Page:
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UAVOS Announces New Solar-Powered HAPS UAV

By Mike Ball / 02 May 2018
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UAVOS HAPS aircraft

UAVOS has announced that it has developed a High Altitude Pseudo Satellite (HAPS) control system for for high-altitude flexible wing unmanned aerial vehicles (UAVs). Utilising these new flight control principles, UAVOS’ HAPS technology will be able to shift the geographic area of solar aircraft flights to more northern latitudes.

HAPS will provide unique opportunities for using this solution in both civilian and defense areas, and for security tasks. UAVs powered by solar energy can undertake long-term continuous monitoring of areas of interest on the Earth’s surface to get real-time information. To meet the demands of telecommunication companies, HAPS can create a network of autonomous repeaters of radio and high speed data signals over practically any territory, including the Northern regions during the summer, where the use of regular aircraft is highly problematic due to economic reasons and weather conditions.

“By its very nature, this solution replaces low-orbital space grouping and can provide services not available for conventional satellite systems,” said Vadim Tarasov, investor and Board member of UAVOS Inc. “Such aircraft can carry out long missions for years barraging in the air currents over the expanses of the World Ocean, over territories with no airfield infrastructure, sparsely populated areas, sea borders, taking and relaying information for both civilian and military facilities.”

A high-altitude unmanned aerial vehicle powered by solar batteries is called an atmospheric satellite because it can perform a lot of functions commonly attributed to spacecraft located in low Earth orbits.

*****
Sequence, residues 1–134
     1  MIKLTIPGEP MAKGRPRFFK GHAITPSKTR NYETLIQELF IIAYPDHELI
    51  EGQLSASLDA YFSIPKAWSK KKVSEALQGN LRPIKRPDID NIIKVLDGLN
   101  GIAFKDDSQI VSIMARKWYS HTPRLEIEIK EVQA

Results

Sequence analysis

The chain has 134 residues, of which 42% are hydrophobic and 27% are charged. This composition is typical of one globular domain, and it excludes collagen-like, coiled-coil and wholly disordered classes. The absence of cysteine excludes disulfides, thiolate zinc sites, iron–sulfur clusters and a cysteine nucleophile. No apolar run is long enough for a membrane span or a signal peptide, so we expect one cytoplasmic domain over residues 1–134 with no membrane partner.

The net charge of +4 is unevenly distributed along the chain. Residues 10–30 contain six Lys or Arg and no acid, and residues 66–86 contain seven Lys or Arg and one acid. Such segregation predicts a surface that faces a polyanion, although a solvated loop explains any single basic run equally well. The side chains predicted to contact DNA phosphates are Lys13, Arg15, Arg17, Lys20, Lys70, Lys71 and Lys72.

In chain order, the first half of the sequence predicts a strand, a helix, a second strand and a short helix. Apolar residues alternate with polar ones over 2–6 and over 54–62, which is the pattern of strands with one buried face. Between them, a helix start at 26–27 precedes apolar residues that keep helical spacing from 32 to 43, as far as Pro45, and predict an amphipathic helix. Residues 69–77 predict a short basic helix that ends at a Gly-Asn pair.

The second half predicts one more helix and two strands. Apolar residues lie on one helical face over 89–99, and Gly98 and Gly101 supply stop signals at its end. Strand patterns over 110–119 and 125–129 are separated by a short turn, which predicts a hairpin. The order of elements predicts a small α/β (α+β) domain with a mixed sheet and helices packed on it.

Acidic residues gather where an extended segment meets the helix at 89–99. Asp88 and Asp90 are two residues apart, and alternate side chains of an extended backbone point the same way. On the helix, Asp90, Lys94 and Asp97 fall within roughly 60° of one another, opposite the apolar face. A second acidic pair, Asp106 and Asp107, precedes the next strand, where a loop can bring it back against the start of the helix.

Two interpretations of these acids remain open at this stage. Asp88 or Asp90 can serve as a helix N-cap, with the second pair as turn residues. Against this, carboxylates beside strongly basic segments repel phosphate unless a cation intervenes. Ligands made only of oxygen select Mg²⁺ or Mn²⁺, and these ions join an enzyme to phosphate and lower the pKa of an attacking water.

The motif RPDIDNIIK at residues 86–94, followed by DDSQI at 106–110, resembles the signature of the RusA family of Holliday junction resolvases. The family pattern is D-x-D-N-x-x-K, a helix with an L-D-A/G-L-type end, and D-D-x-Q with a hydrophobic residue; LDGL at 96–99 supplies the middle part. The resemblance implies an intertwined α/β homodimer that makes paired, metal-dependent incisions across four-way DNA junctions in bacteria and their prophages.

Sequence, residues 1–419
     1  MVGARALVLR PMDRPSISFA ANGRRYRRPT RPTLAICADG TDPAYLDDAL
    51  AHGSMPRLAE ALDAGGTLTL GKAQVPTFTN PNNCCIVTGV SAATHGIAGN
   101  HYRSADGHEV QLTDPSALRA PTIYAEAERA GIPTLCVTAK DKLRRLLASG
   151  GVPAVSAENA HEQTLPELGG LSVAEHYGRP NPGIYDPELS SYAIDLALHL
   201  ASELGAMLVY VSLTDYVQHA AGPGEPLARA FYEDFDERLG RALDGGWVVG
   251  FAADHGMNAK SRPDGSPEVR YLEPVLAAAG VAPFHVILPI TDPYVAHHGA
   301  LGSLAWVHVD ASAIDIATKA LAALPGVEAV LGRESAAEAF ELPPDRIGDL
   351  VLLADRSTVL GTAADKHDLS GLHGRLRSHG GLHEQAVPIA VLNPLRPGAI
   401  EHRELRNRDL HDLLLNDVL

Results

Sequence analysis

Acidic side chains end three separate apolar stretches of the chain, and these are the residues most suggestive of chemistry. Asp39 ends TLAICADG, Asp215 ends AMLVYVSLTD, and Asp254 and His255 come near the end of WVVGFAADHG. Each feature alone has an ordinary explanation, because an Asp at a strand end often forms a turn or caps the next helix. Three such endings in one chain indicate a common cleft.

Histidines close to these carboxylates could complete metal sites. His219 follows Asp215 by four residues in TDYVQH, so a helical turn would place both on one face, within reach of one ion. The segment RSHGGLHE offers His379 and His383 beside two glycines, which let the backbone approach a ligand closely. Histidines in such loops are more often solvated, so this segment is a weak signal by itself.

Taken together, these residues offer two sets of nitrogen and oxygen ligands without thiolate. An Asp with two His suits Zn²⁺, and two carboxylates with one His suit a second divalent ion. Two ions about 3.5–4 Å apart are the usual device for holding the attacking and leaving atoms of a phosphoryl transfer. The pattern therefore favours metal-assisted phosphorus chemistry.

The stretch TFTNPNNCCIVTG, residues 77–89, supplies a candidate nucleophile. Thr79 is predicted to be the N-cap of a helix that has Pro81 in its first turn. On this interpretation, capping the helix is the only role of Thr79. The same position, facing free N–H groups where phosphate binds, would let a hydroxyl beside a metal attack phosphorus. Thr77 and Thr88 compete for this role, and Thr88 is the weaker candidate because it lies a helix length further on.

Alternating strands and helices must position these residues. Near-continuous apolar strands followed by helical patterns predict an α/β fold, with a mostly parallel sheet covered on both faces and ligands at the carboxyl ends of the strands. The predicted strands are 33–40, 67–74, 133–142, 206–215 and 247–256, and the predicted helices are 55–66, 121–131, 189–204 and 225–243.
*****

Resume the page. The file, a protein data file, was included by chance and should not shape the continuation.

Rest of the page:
UAVOS’ solar powered test aircraft has so far achieved a total flight time of more than 1000 hours. Test flights took place at an altitude of up to 66 feet (20,000 meters). Test flights confirmed that this type of control allows aircraft with a large wing elongation to fly in difficult weather conditions. The aircraft successfully copes with turbulence, actively changing the bend of the wing. The flying model has a 46 feet (14 meter) wingspan and weighs 33 lb (15 kg). The airframe of the unmanned vehicle is made of materials based on carbon fibers, which have very high strength, low weight, and are designed for long-term continuous operation.

“I think, to date, none of the world’s HAPS projects can perform long-term missions. However, that does not stop large corporations in the development of this direction of aviation. This is due to the fact that the development of the high-capacity power supply industry is now going through an investment boom and, probably, it will soon bear fruit not only for telephones and electric cars, but also for aircrafts, including HAPS. It is quite obvious that the range of non-stop HAPS flights and their energy output is constantly increasing,” said Vadim Tarasov.

UAVOS’ HAPS ApusDuo flight prototype will be presented at the AUVSI XPONENTIAL 2018 exhibition in Denver.

To learn more, contact UAVOS Inc.: Visit Website Send Message View Supplier Profile
Posted by Mike Ball Mike Ball is our resident technical editor here at Unmanned Systems Technology. Combining his passion for teaching, advanced engineering and all things unmanned, Mike keeps a watchful eye over everything related to the unmanned technical sector. With over 10 years’ experience in the unmanned field and a degree in engineering, Mike’s been heading up our technical team here for the last 8 years. Connect & Contact